The Built Environment Sustainability Tool addresses these issues by being based on a sustainability approach which includes social and economic aspects as well as environmental impacts. The tool aims to be simple to use and to encourage the active participation of all role players including local communities in assessing local sustainability performance and developing plans to improve this. It encourages a range of solutions to be explored and tested to support responsive solutions that work with local opportunities and challenges.  

The BEST methodology provides practical ways of developing more sustainable neighbourhoods that enable you to address the following questions:

  • What is sustainability?
  • What are the implications of sustainability for urban areas and settlements?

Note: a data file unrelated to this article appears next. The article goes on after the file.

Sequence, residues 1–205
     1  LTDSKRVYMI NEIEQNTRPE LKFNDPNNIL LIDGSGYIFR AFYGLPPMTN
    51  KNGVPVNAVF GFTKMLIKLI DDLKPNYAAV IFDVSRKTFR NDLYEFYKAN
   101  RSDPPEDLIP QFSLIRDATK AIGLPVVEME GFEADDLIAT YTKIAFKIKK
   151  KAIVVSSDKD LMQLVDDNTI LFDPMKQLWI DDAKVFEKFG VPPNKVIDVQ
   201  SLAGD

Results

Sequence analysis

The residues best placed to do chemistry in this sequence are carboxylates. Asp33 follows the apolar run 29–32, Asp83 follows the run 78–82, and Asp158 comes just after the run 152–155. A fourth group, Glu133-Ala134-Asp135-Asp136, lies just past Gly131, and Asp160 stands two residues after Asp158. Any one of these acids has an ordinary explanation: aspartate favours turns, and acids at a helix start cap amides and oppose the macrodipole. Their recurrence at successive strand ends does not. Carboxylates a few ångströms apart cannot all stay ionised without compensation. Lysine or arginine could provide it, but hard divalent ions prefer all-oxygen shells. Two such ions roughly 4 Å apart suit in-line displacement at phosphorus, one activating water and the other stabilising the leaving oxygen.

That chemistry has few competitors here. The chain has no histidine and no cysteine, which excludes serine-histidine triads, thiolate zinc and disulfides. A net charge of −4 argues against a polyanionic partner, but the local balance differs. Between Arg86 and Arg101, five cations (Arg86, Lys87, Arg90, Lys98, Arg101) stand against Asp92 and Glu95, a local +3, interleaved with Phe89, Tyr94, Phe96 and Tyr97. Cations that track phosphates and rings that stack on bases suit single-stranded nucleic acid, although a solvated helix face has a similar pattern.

• Do existing and proposed urban areas and settlements have the appropriate configuration and characteristics for sustainability?
  • Can this configuration and characteristics be assessed?
  • Can these assessments inform the development of interventions and solutions to improve sustainability performance? 
  • Are there ways of identifying the most optimum solutions and interventions to address gaps and rapidly improving sustainability performance?
  • Can sustainability plans and strategies be developed to ensure that sustainability targets are achieved in a structured, efficient and effective way?

The BEST can be accessed here.

Sunday, 10 September 2017

Sustainable City Strategies

How do cities achieve strategic sustainability goals and change?

Cities are complex and involve many stakeholders so achieving change can be difficult, slow and require a wide range of mechanisms. It is not sufficient to have a high-level strategy; real change requires strategic targets to be integrated and driven by policies and programs and publicity and incentives to change behavior are often also required.